Posted by Michelle Thomas, TCC Senior Policy Advisor
Despite the political divisiveness in our nation right now, one thing a strong majority of lawmakers agree about is that investments in early childhood education are valuable and necessary. Below, a review of key events and investments during 2018 signal continued bipartisan support for early childhood education.
2018 Mid-Term Gubernatorial Elections
Of the 36 gubernatorial elections held on November 6, 2018, 29 winning candidates have publicly commented on the importance of ECE and/or supported policies that benefit ECE programs.
Historic Levels of Public Investment for Early Childhood Education Programs
The FY 2018 budget bill resulted an increase of $2.37 billion for the Child Care and Development Block Grant (CCDBG) program above FY2017 levels – effectively doubling the program’s discretionary funding. Congress then appropriated an additional $50 million dollars for CCDBG in the bipartisan FY2019 funding bill.
Funding for Head Start and Early Head Start, including the Early Head Start-Child Care Partnerships (EHS-CCP) program, increased by nearly a billion dollars.
Federal Government Grants to States
The Office of Child Care released $250M in competitive PDG B-5 Grants opportunities to all States and Territories. The grants are intended to support states in building infrastructure that allows for a more seamless early education system for parents and children. At last count, at least 47 applications have been submitted for consideration.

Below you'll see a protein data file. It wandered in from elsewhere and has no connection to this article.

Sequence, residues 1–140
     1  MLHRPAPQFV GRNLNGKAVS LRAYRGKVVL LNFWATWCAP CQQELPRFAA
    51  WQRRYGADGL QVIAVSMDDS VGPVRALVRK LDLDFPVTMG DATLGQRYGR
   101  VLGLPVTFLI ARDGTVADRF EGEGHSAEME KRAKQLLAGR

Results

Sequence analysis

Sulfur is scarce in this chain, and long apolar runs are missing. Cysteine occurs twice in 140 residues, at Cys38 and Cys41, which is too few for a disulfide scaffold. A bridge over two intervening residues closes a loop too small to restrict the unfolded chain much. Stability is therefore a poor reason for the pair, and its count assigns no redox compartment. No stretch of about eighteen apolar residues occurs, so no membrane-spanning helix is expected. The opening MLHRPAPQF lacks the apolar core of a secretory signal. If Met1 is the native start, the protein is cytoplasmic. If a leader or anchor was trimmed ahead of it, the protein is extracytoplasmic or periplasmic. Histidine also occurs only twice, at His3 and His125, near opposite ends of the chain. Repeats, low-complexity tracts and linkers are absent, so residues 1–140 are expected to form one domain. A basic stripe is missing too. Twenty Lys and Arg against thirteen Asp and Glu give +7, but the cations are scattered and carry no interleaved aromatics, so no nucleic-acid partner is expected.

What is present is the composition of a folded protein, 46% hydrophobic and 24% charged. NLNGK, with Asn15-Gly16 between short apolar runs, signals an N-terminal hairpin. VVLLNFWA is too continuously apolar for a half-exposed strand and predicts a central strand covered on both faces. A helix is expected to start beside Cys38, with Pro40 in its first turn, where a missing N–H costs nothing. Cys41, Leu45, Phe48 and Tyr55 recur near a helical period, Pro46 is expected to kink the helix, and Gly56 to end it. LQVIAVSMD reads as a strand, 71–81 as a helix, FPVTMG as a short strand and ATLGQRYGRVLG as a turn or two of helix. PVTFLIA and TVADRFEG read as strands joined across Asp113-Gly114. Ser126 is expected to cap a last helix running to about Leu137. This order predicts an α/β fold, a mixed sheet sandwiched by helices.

The Office of Head Start released $150M in competitive Early Head Start Expansion and Early Head Start/Child Care Partnership Grants.
Private Foundation Grants to National Organizations and States
The National Association for the Education of Young Children (NAEYC) received a $1M grant from the Robert Wood Johnson Foundation to support a unique multi-organizational advocacy and action strategy designed to increase equitable access to high-quality child care. Working in partnership with the Bipartisan Policy Center, the Center for American Progress, Child Care Aware of America, and the First Five Years Fund, this effort is designed to bolster current and ongoing efforts to help states across the nation maximize the recent and historic increase in federal child care funding provided by Congress.
Pritzker Children’s Initiative released Prenatal – Age 3 grants. Five to ten Planning Grants ($100,000/grant) and three to five Action Grants (ranging from $1-3 million to be made following the planning process) will be awarded to states who submit winning proposals focused on expanding needed state and community services for children prenatal to age three and their families.
All in all, 2018 was another successful year for the early childhood education field. I am optimistic that this trend will continue well into the next decade.
To learn more about TCC’s Early Childhood Data Systems please visit our website https://www.e-tcc.com/early-childhood or email Mike.Boyle @e-tcc.com.